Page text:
BVRio and partners launch online dashboard to engage financial institutions with Forest Code compliance
Last Friday (4 August), a webinar marked the launch of the Forest Code Observatory (OCF) ‘Financial Sector Engagement Panel’, a dashboard revealing crucial data on compliance with the Forest Code contributed to by financial institutions responsible for operating 55% of rural credit contracted in Brazil between 2020 and 2021.
The dashboard is an initiative of the Forest Code Observatory (OCF), developed by BVRio in partnership with Amigos da Terra, Amazônia Brasileira (AdT) and IPAM. It is part of the Forest Code Monitoring Portal, a tool to facilitate transparency on the progress of compliance with the law. The dashboard was developed after interviews with banks between 2019 and 2020 to understand the practices adopted by financial institutions. The initiative had the support of the Brazilian Federation of Banks (Febabran) to expand its scope.
Through the data collected, they identified that 20% of banks are preventing access to credit on embargoed rural properties, and 40% are monitoring the Rural Environmental Registry (CAR) status during the term of contracts with their clients. The objective is to promote transparency on how financial agents obtain and analyse information on their client’s compliance with the Forest Code (Law 12.651/2012), positively influencing sustainable and nature protection practices.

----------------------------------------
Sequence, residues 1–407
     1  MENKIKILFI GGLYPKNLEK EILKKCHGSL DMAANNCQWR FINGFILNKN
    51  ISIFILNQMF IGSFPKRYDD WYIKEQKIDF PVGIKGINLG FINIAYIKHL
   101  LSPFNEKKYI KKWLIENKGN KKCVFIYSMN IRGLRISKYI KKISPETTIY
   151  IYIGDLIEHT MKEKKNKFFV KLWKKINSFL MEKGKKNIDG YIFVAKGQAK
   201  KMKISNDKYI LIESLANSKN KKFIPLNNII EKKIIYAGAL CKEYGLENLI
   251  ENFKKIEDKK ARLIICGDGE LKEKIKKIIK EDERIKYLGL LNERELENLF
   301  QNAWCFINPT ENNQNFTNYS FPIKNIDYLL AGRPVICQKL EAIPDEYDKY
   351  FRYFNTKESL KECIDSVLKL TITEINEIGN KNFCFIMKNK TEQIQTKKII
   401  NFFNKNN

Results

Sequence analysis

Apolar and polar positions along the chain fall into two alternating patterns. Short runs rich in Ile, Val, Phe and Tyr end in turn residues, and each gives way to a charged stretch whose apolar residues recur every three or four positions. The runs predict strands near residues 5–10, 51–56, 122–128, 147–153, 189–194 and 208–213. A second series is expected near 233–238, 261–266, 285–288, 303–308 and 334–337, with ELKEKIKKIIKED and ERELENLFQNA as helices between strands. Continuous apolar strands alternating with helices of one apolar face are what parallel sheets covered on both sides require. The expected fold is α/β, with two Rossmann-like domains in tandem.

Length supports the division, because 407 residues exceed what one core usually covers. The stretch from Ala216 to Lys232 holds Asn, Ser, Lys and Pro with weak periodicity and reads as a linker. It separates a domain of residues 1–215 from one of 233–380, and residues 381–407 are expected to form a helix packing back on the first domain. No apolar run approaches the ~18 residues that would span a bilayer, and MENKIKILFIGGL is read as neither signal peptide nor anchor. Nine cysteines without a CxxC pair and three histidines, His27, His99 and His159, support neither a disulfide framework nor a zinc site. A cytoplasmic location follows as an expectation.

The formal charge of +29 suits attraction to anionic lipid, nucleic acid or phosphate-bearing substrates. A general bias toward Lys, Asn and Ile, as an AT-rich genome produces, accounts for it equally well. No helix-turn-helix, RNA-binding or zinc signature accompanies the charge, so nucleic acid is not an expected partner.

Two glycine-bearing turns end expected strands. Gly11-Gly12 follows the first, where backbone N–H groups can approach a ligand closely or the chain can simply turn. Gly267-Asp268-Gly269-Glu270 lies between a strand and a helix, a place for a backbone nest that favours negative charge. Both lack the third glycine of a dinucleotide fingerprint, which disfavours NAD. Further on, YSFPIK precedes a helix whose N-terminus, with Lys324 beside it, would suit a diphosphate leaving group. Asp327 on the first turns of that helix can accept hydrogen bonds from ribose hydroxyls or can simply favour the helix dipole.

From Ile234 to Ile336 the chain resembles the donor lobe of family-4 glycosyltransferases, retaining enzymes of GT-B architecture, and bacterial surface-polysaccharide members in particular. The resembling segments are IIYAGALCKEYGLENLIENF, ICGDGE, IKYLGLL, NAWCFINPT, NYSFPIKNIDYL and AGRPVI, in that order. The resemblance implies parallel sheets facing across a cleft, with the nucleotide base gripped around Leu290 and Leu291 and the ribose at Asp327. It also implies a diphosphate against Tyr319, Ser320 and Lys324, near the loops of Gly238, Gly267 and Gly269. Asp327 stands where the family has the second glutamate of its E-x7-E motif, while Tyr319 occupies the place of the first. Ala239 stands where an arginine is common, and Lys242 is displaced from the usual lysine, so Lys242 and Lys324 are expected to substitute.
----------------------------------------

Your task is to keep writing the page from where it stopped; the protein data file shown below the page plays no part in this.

Beto Mesquita, BVRio Director of Forests and Public Policies, presented the Portal and highlighted three benefits generated by the adoption of criteria by the private and financial sector: legal certainty, reduction of reputational and financial risks associated with the activity and environmental compliance, meeting the requirements of markets such as the European Union, which demand the absence of deforestation related to exported agricultural commodities. Beto said, “The importance of this dashboard is to help show the private sector that they are also key players in implementing the Forest Code. This is not just a task for farmers and the government, the various actors must be involved.”
Natália Grossi, agricultural chain analyst at AdT, explained that the primary purpose of the Panel is to provide full transparency on how financial agents charge their clients for the implementation of Forestry Legislation, contributing to decision-making in granting rural credit.
Meetings were held in the year’s first half to improve the dashboard, collect feedback and seek new questionnaire respondents. In addition, environmental legislation was reviewed, such as the National Environmental Policy (Law 6.938/81), the Environmental Crimes Law (Law 9.605/98) and the Native Vegetation Protection Law.
New financial institutions which are interested in contributing to the dashboard are welcome to highlight their continued commitment to transparency and advancing sustainable practices. To learn more about how to participate, interested institutions can contact AdT’s Livestock Technical Coordinator, Cintia Cavalcanti, at firstname.lastname@example.org.